The ballpark manager came up to me a moment later and mentioned he didn’t have a singer for the next evening’s game, and asked if I’d come back tomorrow. Everything in me said NO WAY... But I said yes. Max was standing next to me, and I knew if I said no, he’d see me giving up. I asked the manager: “You did just hear me, right? You heard me not quite hit that note?”

"Yes, but the rest of the version was lovely, and I know you’ll be fine tomorrow."

So I did. I went back the next evening to redeem myself - for me, and for Max. And I nailed it.

It took me a while to recover from that experience, and to fully process my feelings about it. But at some point, as I remember blushing after hearing what Max said, the feeling of embarrassment and anger, I was transported to a moment just about a year before that, when I might have made someone feel that way.

I wasn’t snickering, I didn’t actually say anything to my friend next to me, but I do remember making faces with her as another woman was singing in front of us. I told myself she didn’t see us; I told myself she didn’t know what those expressions were about, but as I thought about my experience at the ballpark, I knew I was that woman in my recent past and resolved never to be there again.

What an awful realization.

Now, quite a few years later, I had an opportunity to shift this dynamic.

We were sitting in the bleachers of a stadium, watching our younger son graduate from high school, and the valedictorians took the stage to speak.

The first one began to speak and I could hear her voice trembling. Her tongue was tied a few times, and a few words got mixed up and didn’t make a lot of sense. There were at least 1,000 people in the audience, plus the 360+ graduates, the high school band, and all faculty and administrators.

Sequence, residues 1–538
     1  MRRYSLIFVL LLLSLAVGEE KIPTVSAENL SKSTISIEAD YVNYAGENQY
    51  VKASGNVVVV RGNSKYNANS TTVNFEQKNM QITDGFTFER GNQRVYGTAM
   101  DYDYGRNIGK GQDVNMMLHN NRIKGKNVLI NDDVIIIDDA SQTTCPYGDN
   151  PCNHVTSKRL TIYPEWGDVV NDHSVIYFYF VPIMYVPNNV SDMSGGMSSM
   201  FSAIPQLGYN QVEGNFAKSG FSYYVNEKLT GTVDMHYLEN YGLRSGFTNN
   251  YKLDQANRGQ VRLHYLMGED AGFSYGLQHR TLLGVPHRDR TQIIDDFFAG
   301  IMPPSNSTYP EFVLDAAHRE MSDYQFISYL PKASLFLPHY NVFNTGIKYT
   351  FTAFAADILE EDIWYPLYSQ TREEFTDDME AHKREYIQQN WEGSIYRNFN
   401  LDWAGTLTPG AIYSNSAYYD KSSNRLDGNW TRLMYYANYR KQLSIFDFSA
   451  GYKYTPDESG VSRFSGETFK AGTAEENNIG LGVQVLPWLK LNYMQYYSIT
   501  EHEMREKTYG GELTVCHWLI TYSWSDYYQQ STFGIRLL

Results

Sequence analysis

From behind me, I heard:

"Ugh… this does NOT give me much hope for the class of 2019."

I felt my face flush with embarrassment for the young woman on the stage, all alone with that microphone and over a thousand people watching and listening to her. I turned around:

"Excuse me - there are at least a thousand people here watching and listening to this young woman on the stage with a microphone. I’m a professional speaker and this would make ME nervous. Could you do it without being nervous?"

I turned back around, expecting our older son to be completely embarrassed by his mother’s comment to a total stranger., but he wasn’t. He smiled at me with encouragement and pride.

I didn’t notice the reaction of the people behind me, I just continued to look forward and listen to the speeches, and shouted with the rest of my family as our son’s name was called and he walked across the stage, a fresh, new high school graduate.

Have you been the one making faces, snickering, or whispering with friends while another human was performing or speaking? Do you ever think about whether you could be the one with the microphone, and if you could do better?

Life is difficult enough without the peanut gallery taking us down when we put ourselves out there, taking a risk and demonstrating vulnerability.

Maybe it’s time for all of us to grow up a little and choose to be supporting and encouraging instead.

Don’t you like yourself more when you encourage and support people?

Who would you rather spend time with, the person who snickers and makes fun of people, or the one who claps, smiles, and encourages people?